Medievalism: The Middle Ages in Modern England
Yale University Press, 2007 M01 1 - 306 pages
The style of the medieval period, which flows through the bloodstream of western culture, was vigorously re-established in post-Enlightenment England. This one-volume history of the Medieval Revival is the first coherent account of it, especially those aspects that are expressed and reflected in literature. The book focuses on the period 1760 to 1971, with an Epilogue on the reverberations of medievalism in the present day.
The rebuilding of the Palace of Westminster, after its destruction by fire in 1834, re-established Gothic as the national style. But medieval imitation manifests itself wherever one cares to look: in literature, architecture, the applied arts, religion, politics, and even Hollywood. In this skilled dissection of the components of this pervasive cultural movement, Michael Alexander rejects the idea that medievalism was confined to the Victorian period, and overturns the suspicion that it is by its nature escapist.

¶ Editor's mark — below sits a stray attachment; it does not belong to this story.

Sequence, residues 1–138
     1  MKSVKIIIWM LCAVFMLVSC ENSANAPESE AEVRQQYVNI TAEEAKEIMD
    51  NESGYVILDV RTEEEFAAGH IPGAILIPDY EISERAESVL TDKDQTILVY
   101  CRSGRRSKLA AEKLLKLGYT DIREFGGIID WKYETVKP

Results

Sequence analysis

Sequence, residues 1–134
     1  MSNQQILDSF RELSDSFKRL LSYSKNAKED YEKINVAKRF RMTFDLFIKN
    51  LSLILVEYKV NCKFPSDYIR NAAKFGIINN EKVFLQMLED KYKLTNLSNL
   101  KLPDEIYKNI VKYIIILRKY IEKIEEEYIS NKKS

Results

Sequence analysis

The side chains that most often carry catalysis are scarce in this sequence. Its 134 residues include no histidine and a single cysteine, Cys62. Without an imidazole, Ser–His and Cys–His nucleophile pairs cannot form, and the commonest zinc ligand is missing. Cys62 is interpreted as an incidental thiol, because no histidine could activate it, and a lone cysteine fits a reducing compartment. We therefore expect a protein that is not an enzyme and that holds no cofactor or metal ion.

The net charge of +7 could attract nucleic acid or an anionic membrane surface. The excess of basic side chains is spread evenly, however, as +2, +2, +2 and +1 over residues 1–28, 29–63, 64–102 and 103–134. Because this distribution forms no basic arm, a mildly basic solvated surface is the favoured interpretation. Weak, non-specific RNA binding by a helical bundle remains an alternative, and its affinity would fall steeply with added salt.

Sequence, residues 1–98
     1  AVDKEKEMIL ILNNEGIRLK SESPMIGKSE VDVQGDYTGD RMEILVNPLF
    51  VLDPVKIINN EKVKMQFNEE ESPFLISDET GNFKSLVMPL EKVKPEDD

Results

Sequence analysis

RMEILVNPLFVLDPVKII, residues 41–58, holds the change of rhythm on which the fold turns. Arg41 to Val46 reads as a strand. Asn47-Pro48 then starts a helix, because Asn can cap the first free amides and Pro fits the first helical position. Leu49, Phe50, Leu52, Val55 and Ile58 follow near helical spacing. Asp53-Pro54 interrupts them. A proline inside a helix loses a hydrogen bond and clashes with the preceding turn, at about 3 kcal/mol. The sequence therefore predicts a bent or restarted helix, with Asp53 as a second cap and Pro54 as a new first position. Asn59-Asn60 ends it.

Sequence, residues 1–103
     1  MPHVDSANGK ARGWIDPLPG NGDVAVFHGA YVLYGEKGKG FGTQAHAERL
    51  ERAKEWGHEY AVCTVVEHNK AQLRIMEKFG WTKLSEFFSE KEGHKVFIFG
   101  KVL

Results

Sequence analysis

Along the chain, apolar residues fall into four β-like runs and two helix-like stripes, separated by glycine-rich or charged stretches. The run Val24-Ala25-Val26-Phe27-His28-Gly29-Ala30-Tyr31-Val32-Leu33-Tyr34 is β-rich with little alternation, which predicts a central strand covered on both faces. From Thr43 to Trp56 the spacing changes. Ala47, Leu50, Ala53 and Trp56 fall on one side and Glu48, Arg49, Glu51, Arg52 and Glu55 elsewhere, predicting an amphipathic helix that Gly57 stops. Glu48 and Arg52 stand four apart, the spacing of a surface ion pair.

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LibraryThing ReviewUser Review - JBD1 - LibraryThing
A study of the "Medieval Revival" in England beginning with the rise of gothic literature in the 1760s and extending well into the twentieth century (encompassing art, architecture, literature, printing, &c.). Well made and beautifully illustrated. Read full review
The Advent of the Goths
Chivalry Romances and Revival
Dim Religious Lights
Residences for the Poor
The Death of Arthur was the Favourite Volume
History the Revival and the
History and Legend
The Working Men and the Common Good